To the volunteers who have led, participated in, and provided feedback for these activities and many others that we’ve accomplished this year, THANK YOU! We succeed as an organization because of you. To the Board, newly created Conference Committee, and other committee leaders who exhibited grace, trust, and leadership, you truly captured lightning in a bottle this year.

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Save the Date for the Communications Camp

The Communications Camp is returning October 28, 2021 in Springfield, Oregon! All water professionals need to communicate effectively whether presenting at a public meeting, calling a customer to answer their questions, emailing a design project team, or talking with a coworker at a treatment facility. No matter what our work looks like, clear and effective communication makes us better at getting that work done. That’s why PNCWA’s Communication and Outreach Committee puts on its annual Communications Camp, a one-day workshop focused on building skills and sharing knowledge about effective communications strategies.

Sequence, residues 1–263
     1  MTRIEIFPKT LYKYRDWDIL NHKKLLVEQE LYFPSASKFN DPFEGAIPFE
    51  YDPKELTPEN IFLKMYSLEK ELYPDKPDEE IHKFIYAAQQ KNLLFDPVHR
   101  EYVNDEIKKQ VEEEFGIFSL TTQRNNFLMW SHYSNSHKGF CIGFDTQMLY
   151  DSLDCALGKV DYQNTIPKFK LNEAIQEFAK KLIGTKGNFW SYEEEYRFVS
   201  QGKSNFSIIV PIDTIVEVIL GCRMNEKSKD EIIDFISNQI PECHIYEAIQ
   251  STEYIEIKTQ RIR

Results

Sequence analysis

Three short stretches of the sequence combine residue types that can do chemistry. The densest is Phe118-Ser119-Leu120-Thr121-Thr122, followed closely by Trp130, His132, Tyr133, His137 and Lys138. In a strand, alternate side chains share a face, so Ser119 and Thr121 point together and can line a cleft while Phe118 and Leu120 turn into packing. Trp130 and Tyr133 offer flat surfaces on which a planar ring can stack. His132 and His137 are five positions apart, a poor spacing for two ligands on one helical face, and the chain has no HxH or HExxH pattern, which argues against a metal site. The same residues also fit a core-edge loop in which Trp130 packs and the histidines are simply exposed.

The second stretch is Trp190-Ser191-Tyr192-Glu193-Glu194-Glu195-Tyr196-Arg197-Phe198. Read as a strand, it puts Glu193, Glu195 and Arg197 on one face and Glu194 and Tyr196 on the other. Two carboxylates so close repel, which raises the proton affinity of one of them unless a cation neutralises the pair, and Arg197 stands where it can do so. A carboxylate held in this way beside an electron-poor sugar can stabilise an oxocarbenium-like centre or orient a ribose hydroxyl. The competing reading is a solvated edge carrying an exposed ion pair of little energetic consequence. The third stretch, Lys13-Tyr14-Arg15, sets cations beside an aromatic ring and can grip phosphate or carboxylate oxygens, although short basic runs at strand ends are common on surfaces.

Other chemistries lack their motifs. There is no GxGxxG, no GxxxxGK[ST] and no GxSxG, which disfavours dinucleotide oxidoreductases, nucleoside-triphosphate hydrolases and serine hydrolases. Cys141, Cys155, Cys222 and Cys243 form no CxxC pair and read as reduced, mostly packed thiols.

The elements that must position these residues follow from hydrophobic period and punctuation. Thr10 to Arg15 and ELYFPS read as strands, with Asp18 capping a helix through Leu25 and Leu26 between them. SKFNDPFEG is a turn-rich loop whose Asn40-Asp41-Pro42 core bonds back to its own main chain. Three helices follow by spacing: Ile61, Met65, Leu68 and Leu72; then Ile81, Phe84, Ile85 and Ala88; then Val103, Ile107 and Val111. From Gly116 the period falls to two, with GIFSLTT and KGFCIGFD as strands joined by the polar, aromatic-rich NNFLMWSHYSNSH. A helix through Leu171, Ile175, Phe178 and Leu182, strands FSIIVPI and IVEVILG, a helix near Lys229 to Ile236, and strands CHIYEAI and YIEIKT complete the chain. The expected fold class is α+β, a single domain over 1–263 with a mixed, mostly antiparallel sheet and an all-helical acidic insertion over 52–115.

In past years, the Camp has featured speakers and demonstrations with a wide range of specialties, from graphic design to writing an RFP. This year, we’re featuring presentations on crisis communications, virtual outreach, engaging public speaking, and project management. We’ll also feature a tour of Springfield’s Mill Race Stormwater Facility. Our focus is maximizing interactivity at the Camp and we’ve designed opportunities to practice your communications skills and network with industry peers regardless of your career level.

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Government Affairs Committee Update Aug 2021

A preliminary class action lawsuit settlement between the Charleston Water System (Charleston, South Carolina) and wipes manufacturer Kimberly-Clark could affect any entity that owned and/or operated wastewater conveyance and treatment systems since January 6, 2018. Class members need to be aware of this settlement and how it may affect them.